Vladimir Horowitz , whom many identify as the greatest pianist of his day, quietly recorded all of his Carnegie Hall recitals in the 1940s as a private reference library. He analyzed them with students and colleagues, but because they were made for archival purposes only, the recordings were never deemed fit for public consumption. They sound scratchy and thin, even after digital restoration, but the music is of such power and glory that it demands our attention nonetheless.
hide captionVladimir Horowitz had all of his Carnegie Hall concerts recorded for private use. Now the recordings are going public.
Sony Music Photo Archives
Vladimir Horowitz had all of his Carnegie Hall concerts recorded for private use. Now the recordings are going public.
Sony Music Photo Archives
Horowitz, in the 20 years since his death, has only gained in stature as one of the titans of 20th-century music. As insecure as he was accomplished, he craved the public's rapturous attention, but then shunned it altogether. Horowitz disappeared from the concert stage for a dozen years in 1953 and appeared only sporadically after that. Lo these many years later, Private Collection, a set of Carnegie Hall performances from 1948 and '49, showcases the pianist's impressive gifts at mid-career.
Horowitz contracted a private company to cut lacquer disc recordings of all of his Carnegie Hall recitals. They are admittedly not high fidelity, but that's more than amply compensated for by Horowitz's muscular tone and vibrant orchestral palette. He donated the acetates to the Yale University Music Library in 1986, along with personal papers and — ever the sports fan — two baseballs autographed by major leaguers. He could be a heavy hitter himself: Just listen to the passage from Franz Liszt's B minor Sonata (on the left side of this page), which some critics say surpasses his definitive 1932 version.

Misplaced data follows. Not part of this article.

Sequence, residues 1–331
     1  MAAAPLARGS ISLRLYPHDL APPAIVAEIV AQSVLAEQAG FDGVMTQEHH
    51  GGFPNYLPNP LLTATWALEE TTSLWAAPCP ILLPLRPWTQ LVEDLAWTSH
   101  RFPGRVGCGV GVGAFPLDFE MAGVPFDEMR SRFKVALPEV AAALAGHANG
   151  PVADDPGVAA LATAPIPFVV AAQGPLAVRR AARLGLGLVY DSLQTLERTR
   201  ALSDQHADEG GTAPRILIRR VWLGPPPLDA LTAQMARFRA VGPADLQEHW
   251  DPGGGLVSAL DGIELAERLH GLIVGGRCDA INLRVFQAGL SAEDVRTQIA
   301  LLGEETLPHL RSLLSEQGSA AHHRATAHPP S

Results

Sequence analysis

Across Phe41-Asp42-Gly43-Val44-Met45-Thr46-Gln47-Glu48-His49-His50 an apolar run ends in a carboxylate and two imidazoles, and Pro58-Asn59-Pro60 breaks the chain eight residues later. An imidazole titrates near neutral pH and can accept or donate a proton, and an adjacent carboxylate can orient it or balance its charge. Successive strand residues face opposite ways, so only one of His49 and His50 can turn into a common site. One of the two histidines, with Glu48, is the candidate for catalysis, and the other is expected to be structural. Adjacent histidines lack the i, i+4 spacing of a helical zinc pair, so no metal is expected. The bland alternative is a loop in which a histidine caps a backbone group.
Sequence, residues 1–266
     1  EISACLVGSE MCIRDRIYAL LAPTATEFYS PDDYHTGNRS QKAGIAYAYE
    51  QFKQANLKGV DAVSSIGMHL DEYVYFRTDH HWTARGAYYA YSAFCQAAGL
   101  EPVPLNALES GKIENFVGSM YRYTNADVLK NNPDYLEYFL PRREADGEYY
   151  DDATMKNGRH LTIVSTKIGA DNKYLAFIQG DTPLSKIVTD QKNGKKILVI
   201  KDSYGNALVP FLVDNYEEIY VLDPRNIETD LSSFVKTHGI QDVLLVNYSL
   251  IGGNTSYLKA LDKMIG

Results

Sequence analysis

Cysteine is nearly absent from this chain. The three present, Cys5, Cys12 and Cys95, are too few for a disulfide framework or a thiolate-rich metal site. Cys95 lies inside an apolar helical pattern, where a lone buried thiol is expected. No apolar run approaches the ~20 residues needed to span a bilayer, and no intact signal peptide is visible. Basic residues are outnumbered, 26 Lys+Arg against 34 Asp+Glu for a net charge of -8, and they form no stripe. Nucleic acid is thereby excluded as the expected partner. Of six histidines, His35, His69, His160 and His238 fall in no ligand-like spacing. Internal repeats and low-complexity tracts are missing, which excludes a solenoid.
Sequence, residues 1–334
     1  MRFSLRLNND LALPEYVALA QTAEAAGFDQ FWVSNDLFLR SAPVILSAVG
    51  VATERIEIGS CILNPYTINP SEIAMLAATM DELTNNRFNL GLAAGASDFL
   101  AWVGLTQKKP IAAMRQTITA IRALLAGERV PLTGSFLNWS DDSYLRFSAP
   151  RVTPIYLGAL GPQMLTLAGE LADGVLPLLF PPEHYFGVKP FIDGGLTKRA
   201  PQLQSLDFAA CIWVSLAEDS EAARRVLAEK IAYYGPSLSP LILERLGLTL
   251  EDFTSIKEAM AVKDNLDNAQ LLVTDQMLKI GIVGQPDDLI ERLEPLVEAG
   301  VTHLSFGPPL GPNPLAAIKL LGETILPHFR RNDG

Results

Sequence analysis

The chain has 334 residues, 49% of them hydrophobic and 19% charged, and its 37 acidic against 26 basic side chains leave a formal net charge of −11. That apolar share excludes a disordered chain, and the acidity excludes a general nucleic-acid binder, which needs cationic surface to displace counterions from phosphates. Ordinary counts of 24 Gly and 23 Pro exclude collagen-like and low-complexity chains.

Like many great artists, Horowitz suffered from extreme mood swings, and even submitted himself to electroshock therapy in the 1960s to alleviate his bipolar symptoms. Later, he tried antidepressants but found that they severely impaired his ability to play music. I'd like to think his so-called weakness was also his strength, as was Van Gogh's, and lent itself to his reputation as the ever-passionate "last romantic." Even untreated, the organic Horowitz of 1949 was capable of a blithe spirit, ever tinged by a sense of the tragic.
But there is also unalloyed energy and joy in these recordings, especially when Horowitz pulls off a brisk virtuoso run. He achieved his gorgeous tone and singing, swinging sense of melody by keeping his fingers near to the keys, not lifting them off and striking the poor ivories as some showier pianists do.
"I prefer the tone which is felt by the fingers," he once said, "and it is impossible to feel the note and also to strike it."
A fine but vital distinction made by one of the 20th century's most compelling and consummate artists. His return is a welcome one indeed.